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McRae’s debut album i used to think i could fly, was well worth the wait, given its confessional lyrics, its balance between ballads and buoyant tracks and nevertheless, McRae’s alluring voice that makes every line of every song, sound that much better (Photo provided on Instagram via @tatemcrae).

Album review: Tate McRae’s ‘i used to think i could fly’ will quickly soar to top of charts

For a hot minute, it seemed as if pop music was dead. 

The pop princesses who commanded the genre for so long such as Rihanna, Lady Gaga, Katy Perry, Britney Spears and Beyoncé, began falling off of the public’s radar as they released fewer new singles and fewer new albums. This led fans of the icons to lose hope for the future of pop. 

Fast forward to the rise of Ariana Grande and Taylor Swift who, arguably, single handedly saved the genre and continue to evolutionize it.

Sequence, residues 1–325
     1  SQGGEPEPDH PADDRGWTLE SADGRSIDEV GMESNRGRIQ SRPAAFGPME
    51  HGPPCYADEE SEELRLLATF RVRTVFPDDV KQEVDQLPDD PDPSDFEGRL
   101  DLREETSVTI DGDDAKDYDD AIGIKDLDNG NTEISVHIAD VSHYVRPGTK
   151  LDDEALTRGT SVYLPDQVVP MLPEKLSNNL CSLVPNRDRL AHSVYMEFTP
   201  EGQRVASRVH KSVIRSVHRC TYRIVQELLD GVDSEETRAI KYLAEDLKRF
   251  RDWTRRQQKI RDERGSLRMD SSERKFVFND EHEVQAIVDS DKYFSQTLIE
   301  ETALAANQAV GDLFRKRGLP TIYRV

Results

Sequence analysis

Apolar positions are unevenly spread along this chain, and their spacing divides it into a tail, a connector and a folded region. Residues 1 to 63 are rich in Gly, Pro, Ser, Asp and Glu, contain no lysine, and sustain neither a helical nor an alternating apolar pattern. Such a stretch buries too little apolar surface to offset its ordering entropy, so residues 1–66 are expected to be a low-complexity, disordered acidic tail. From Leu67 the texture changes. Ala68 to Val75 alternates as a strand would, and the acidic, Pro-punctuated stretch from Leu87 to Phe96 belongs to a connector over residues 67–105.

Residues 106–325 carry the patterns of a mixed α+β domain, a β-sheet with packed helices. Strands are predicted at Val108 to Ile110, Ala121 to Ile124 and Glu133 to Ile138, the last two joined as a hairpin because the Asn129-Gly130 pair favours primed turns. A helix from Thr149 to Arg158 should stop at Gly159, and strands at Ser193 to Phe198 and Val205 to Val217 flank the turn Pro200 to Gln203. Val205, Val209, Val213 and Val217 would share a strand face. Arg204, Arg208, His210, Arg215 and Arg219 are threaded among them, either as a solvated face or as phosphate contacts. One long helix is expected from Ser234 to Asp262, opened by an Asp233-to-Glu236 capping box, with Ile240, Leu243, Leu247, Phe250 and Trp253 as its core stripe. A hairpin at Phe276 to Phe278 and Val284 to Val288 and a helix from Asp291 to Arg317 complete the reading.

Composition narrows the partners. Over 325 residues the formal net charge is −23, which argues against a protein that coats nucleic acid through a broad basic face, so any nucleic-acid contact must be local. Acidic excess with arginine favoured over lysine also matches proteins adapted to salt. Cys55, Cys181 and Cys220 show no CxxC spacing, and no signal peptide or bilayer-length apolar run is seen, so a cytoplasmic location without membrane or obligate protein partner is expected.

However, Gen Z has blessed the pop world with a few new household names, too, such as Olivia Rodrigo and Tate McRae. The two gained a large following through TikTok but have proven to be profitable and influential over teens, young adults and the music industry outside of the social app as well. 

The 18-year-old Tate McRae has yet to make as great of artistry strides as Rodrigo has, but with the sheer success of her hit single, “she’s all i wanna be,” in addition to the release of her debut album, i used to think i could fly, her time as a popstar is undeniably near. 

It’s almost hard to believe i used to think i could fly is McRae’s first album ever, given she has been releasing bangers for a couple of years now. Her 2020 breakup ballad, “you broke me first,” resonated with listeners alike, resultantly playing an integral part in her launch as a singer-songwriter.